I'm not a kid by any stretch, but Rock Band did let me live the rock star lifestyle in a small way. Toward the end of the craze, a local radio station had a contest up at Lake Tahoe where the brand prize was $400 worth of bottle service at one of the fancier nightclubs at Harveys casino. My boyfriend and I went up on stage with two random guys we met that night to fill out the band and won with a rendition of Aqualung. A couple weeks later the four of us went up there and got absolutely blasted. Just like rock stars!
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Ghostery seems good at blocking the comments at Gawker media sites. Now, I know that the vast majority of Kinja comments aren't up to the standards of
First step? Don't call them clueless right off the bat.
Destroyed. At the end of every season, the CG models for Babylon 5 assets were deleted according to contract requirements with the Prime Time Entertainment Network who distributed the show. Probably as an asset reduction thing for financial BS in the era of protoCG-era production.
standard deviation would be a useful addition to benchmarking.
A 194 inch screen will technically still fit under a 8 foot ceiling.
Diablo III @ 5120x2880: 31 fps. That's with the R295X (mobile) card, and presumably also with the i7. I'm not sure if that's average, or minimum. Some games may be playable at those sorts of framerates, but they might not be enjoyable.
Text and photos on the iMac look as high resolution as those in a glossy magazine-- that's the main benefit.
Other possible benefits include editing 4K video with room for palettes and the like.
I think the missing key in current smart home options that most people can actually afford to purchase, is reliable voice control. I know Google's acquisition of Nest (and whatever Apple gets around to doing) will make a big difference here, but I can already say that I'd be a lot happier with my "smart" lighting if I had:
A: More money for more components such as light switches and socket replacements.
B: Voice controls that were as responsive and reasonably reliable as the Amazon Echo, which gets it right a surprisingly large amount of the time.
Last year, I picked up a Wink Hub and four "TCP Connected" brand (which is a horrible name for obvious reasons) daylight LED bulbs to see how dipping my toes into home automation would work out, and it really has been a seriously mixed result just like the author of the the original article says. I'm using a very simple setup, two lights in my home office, and one light in the rear of the living room. The only "smart" part I have set up, is a group to let me control the office lights all at once.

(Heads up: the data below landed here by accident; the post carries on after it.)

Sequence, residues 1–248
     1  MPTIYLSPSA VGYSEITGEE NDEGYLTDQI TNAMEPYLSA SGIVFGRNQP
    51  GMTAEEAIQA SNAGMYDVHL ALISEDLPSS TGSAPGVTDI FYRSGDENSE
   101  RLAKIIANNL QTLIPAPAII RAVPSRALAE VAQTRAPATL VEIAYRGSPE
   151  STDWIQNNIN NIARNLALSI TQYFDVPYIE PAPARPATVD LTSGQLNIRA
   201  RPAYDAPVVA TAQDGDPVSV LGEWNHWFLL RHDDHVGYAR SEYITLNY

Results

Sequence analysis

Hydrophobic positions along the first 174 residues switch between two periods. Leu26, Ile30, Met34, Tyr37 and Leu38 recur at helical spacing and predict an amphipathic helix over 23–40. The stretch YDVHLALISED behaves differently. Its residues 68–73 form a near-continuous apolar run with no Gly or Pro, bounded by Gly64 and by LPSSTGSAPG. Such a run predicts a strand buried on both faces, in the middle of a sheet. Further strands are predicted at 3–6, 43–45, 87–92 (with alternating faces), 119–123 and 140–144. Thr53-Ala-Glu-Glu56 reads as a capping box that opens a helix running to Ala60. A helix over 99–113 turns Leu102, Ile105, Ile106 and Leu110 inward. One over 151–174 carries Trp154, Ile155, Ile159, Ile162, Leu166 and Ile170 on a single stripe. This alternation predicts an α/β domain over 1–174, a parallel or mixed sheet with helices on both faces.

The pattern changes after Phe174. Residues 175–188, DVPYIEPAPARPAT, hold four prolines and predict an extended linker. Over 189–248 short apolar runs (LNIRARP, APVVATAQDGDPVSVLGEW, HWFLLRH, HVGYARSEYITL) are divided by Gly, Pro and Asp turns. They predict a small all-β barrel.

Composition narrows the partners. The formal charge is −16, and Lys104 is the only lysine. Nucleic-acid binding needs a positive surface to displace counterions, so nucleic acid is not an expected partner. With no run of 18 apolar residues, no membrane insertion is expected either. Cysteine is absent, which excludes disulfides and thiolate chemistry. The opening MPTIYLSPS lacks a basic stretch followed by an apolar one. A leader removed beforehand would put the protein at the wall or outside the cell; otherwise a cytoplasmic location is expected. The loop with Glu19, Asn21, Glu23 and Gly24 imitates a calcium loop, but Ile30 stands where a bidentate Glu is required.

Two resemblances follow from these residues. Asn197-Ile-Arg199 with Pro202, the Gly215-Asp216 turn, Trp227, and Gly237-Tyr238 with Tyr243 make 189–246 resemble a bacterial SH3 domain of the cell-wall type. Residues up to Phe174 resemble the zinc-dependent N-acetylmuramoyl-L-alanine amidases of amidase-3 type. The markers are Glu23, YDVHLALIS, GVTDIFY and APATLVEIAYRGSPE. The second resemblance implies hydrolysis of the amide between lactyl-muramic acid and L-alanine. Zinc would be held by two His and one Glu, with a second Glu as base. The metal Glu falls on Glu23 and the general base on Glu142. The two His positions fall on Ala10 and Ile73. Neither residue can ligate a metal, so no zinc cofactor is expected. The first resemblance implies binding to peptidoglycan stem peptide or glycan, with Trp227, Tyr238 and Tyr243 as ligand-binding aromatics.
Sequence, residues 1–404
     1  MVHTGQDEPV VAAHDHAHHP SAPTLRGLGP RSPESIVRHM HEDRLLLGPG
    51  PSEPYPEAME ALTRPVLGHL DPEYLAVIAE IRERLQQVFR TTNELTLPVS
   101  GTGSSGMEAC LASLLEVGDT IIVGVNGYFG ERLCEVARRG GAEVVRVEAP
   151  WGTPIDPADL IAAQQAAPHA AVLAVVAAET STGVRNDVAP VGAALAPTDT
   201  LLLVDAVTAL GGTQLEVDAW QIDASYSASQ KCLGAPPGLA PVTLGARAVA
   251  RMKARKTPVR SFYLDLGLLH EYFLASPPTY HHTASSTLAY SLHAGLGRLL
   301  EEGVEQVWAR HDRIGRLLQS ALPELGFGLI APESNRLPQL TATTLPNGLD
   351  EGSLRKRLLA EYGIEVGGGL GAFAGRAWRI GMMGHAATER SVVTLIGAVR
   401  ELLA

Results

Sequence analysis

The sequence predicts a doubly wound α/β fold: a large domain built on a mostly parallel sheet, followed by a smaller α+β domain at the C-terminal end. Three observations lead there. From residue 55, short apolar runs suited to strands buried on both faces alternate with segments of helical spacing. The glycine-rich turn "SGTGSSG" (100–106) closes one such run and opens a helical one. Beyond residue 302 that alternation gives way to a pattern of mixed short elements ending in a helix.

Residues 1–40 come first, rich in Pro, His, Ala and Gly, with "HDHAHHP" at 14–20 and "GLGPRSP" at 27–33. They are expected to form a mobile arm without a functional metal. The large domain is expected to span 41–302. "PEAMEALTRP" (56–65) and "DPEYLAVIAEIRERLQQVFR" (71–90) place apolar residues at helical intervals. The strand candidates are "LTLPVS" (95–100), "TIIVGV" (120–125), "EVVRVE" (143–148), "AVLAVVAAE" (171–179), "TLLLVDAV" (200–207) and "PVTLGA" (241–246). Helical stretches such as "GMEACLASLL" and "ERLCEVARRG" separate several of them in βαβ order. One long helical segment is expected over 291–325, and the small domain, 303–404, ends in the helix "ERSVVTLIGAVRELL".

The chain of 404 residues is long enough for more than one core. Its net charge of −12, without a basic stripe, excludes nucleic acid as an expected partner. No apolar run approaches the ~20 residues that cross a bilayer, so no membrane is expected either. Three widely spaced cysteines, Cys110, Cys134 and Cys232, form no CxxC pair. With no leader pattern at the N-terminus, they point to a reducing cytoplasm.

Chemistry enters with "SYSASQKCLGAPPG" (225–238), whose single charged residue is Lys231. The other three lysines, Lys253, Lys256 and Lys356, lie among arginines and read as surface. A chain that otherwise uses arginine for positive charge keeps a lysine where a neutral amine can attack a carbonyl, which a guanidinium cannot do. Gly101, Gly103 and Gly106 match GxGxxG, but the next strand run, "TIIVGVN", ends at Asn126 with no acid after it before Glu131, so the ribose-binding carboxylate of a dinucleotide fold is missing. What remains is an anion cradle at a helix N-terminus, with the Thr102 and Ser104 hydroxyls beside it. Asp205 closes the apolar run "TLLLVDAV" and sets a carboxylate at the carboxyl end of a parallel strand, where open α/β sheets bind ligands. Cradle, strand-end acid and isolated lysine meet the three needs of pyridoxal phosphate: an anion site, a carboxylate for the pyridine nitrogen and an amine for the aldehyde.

And it's really not all that stable. The TCP Connected bulbs actually require the use of a home gateway and online service to control, and Wink ties into that. When that service is glitchy, things will either work or not work. There's no apparent reliable activity confirmation set up in the protocols from what I can tell, so the software never knows if a device is on or off. A fairly simple schedule I have set up dims my lights for a period before bed, and then turns them off later. This usually works, but not always. It's also supposed to turn them back on, and it doesn't appear to do that about half the time.
Is the problem the TCP bulb integration? Is it Wink? Is it the signal in my house? Is it a bug? There's no way to tell for sure, and systems just aren't bulletproof enough to rely on just yet. But is it a nice step? Absolutely.
The big thing I feel that I should do in my personal case though, is replace the light switches so I don't always have to pull out a smartphone or tablet. Is it a pain to do that? Yes and no. It's more of a pain than it should be for something advertised as super simple, because of the article's mentioned process of unlocking a device, loading app, swiping to control you need, and then hitting said control.
The prices can definitely be appealing, but once you realize that a light switch is going to be $50, it adds up.